Archived News

Big changes discussed for Cherokee Fair Grounds

An artist rendering shows an initial concept for the future of the fair grounds. EBCI image An artist rendering shows an initial concept for the future of the fair grounds. EBCI image

A crack in an amphitheater canopy column at the Cherokee Indian Fair Grounds could lead to a complete overhaul of the community gathering site — and a two-year relocation of all events typically held there.

“It’s like ripping the BandAid off, right?” Chris McCoy, a member of the Eastern Band of Cherokee Indians Planning Board, said during a May 16 Planning Board meeting. “It’s just going to take a minute. It’s going to be an aggravation to some extent, but I think at the end of this two-year period when we look back, it’s going to be one of the best decisions we’ve made.”

The discussion began with the appearance of rust on one of the floating columns that holds up the fabric canopy covering the amphitheater. About four years ago, a windstorm damaged the canopy and dislodged one of the columns — the same one that recently developed the rust patch — and officials implemented a temporary fix to buy a few years before a permanent solution was necessary. 

Upon finding the rust patch, the tribe commissioned a report from Phoenix Engineering. The rust patch is actually a crack that goes all the way through the metal, and the rust is caused by internal corrosion from water inside the column. It’s unknown how much water is in the column, and because water expands when it freezes, there’s potential for a catastrophic failure when cold weather returns. 

“It’s probably not a good idea to have anyone underneath this because we really don’t know what condition this column is at this time,” Travis Sneed of EBCI Project Management told Tribal Council. 

Further assessing the column’s condition would require disassembling the entire canopy structure, which is now more than 20 years old. The fabric canopy covering it has a 15-year life expectancy. 

Related Items

“If we’re at this decision point of taking down the canopy and the public, the community, has had a want to really see some changes and renovations at the fairground, this is an opportunity to move forward with the renovation at this point, if we’re beginning with partial demolition anyway,” Sneed said. 

He then unveiled a new vision for the fairgrounds property that Project Management hopes will better serve the community and accommodate events interested in locating in Cherokee. 

The concept includes a much-expanded exhibit hall and a new, double-sided stage that would offer the opportunity to use the fairgrounds lawn as a passive seating area during concerts and other large stage events. The left side of the property — now “wasted space” holding an unattractive chain-link fence, a smattering of trees and electrical equipment — would host a row of retail spaces and workshops. This could include small working studios for local artisans, cafés and shops. That side of the property would also hold a water feature — an iconic fountain that would be visible from the Council House next door and fed by a newly liberated stream, now confined to an underground culvert.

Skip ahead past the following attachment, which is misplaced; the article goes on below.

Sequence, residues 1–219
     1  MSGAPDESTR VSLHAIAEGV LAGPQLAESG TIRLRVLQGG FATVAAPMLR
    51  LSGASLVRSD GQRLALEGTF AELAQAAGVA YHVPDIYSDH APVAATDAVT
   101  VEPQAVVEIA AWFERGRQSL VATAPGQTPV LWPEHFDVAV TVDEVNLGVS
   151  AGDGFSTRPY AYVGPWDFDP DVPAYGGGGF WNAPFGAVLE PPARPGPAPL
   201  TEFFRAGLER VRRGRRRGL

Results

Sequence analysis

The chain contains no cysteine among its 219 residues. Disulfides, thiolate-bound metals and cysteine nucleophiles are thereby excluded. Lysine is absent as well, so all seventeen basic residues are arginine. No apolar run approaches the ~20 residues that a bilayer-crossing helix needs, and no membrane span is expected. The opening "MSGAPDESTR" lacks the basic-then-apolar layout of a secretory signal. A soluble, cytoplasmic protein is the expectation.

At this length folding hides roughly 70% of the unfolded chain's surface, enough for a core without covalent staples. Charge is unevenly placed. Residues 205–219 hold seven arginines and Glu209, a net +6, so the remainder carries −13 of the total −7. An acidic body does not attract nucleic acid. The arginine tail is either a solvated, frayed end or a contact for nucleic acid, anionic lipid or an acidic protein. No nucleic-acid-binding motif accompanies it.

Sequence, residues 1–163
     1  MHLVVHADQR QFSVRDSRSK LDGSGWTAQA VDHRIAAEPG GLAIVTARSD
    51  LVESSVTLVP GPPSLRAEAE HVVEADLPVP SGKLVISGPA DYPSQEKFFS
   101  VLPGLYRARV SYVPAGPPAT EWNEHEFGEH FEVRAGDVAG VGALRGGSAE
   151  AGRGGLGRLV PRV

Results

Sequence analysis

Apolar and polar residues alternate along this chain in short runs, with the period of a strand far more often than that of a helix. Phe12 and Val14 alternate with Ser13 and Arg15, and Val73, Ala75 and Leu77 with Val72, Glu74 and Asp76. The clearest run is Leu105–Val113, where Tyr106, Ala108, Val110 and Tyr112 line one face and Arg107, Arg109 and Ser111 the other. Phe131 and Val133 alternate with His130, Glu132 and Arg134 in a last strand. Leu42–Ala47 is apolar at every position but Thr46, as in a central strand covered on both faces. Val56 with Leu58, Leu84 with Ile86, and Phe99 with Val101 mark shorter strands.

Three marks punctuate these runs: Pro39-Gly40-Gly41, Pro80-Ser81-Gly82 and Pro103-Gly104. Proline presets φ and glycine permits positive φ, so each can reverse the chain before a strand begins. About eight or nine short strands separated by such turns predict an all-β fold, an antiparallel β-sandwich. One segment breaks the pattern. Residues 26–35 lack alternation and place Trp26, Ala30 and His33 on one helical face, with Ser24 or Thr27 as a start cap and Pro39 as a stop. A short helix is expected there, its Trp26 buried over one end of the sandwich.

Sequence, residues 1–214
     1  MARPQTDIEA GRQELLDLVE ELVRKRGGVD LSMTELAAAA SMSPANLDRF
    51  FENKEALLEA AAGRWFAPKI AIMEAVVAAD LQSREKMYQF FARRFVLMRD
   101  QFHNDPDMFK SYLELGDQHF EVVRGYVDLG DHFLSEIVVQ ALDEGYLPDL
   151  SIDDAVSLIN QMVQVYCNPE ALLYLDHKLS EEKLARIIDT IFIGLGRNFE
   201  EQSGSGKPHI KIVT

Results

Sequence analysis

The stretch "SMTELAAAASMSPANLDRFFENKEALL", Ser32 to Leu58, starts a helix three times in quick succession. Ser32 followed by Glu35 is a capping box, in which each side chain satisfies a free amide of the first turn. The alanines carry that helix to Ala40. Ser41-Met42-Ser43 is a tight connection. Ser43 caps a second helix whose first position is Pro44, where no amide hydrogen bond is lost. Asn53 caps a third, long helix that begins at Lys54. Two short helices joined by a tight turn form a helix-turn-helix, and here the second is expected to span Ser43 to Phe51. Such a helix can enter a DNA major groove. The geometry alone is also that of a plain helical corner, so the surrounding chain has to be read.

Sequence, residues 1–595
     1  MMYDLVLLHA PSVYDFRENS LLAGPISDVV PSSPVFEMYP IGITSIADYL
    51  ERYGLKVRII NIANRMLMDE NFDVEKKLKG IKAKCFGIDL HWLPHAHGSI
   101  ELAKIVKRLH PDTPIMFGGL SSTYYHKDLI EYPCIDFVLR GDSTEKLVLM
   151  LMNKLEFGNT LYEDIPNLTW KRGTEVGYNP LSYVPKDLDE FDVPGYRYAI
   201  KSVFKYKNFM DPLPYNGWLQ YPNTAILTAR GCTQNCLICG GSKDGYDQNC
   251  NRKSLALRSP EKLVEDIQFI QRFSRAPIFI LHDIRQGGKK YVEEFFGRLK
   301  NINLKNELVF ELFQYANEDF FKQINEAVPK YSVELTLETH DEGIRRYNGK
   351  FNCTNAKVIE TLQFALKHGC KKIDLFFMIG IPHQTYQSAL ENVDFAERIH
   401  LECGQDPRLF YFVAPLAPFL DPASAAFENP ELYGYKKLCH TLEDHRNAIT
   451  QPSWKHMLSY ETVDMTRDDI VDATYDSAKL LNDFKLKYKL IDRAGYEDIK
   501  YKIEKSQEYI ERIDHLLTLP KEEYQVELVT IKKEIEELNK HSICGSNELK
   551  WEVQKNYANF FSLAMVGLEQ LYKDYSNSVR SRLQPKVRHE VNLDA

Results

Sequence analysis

Once a decision is made to proceed, the project is expected to take 18-24 months to complete. While the work takes place, the tribe aims to relocate activities that would typically occur on the Fair Grounds — such as the annual Cherokee Indian Fair — to a nearby property known locally as the old elementary school site. The site already has some of the infrastructure necessary to serve as a temporary location, but crews will likely fill it with gravel, roadbond and other materials to ensure the service is hard, safe and flat, McCoy said. 

Overall, Planning Board members were supportive of the concept, though they did have questions. Concerns included projected demand for retail and fairground space, parking needs, and the project’s overall cost and return on investment. However, the overwhelming sentiment was excitement about the ability to build something beautiful for the local community, rather than for casino patrons or off-boundary business interests. 

“We don’t have a problem finding money to spend away from here,” said Planning Board Member Bill Taylor, who represents Wolfetown on Tribal Council. “Why don’t we invest in ourselves, here? That’s why I’m supporting the project.”

“When you drive through this dollar store town, you get dollar store mentalities,” McCoy said. “So it’s time to live up to what we are. We’re not that. We’re better than that. Our people are better than that. It’s time to put the Ferrari out there and let our people be proud of that.”

The board voted 6-1 to recommend that Tribal Council approve the plan. That body is likely to discuss the issue at its next meeting June 2, though an agenda has not yet been released. 

Leave a comment

Smokey Mountain News Logo
SUPPORT THE SMOKY MOUNTAIN NEWS AND
INDEPENDENT, AWARD-WINNING JOURNALISM
Go to top
Payment Information

/

At our inception 20 years ago, we chose to be different. Unlike other news organizations, we made the decision to provide in-depth, regional reporting free to anyone who wanted access to it. We don’t plan to change that model. Support from our readers will help us maintain and strengthen the editorial independence that is crucial to our mission to help make Western North Carolina a better place to call home. If you are able, please support The Smoky Mountain News.

The Smoky Mountain News is a wholly private corporation. Reader contributions support the journalistic mission of SMN to remain independent. Your support of SMN does not constitute a charitable donation. If you have a question about contributing to SMN, please contact us.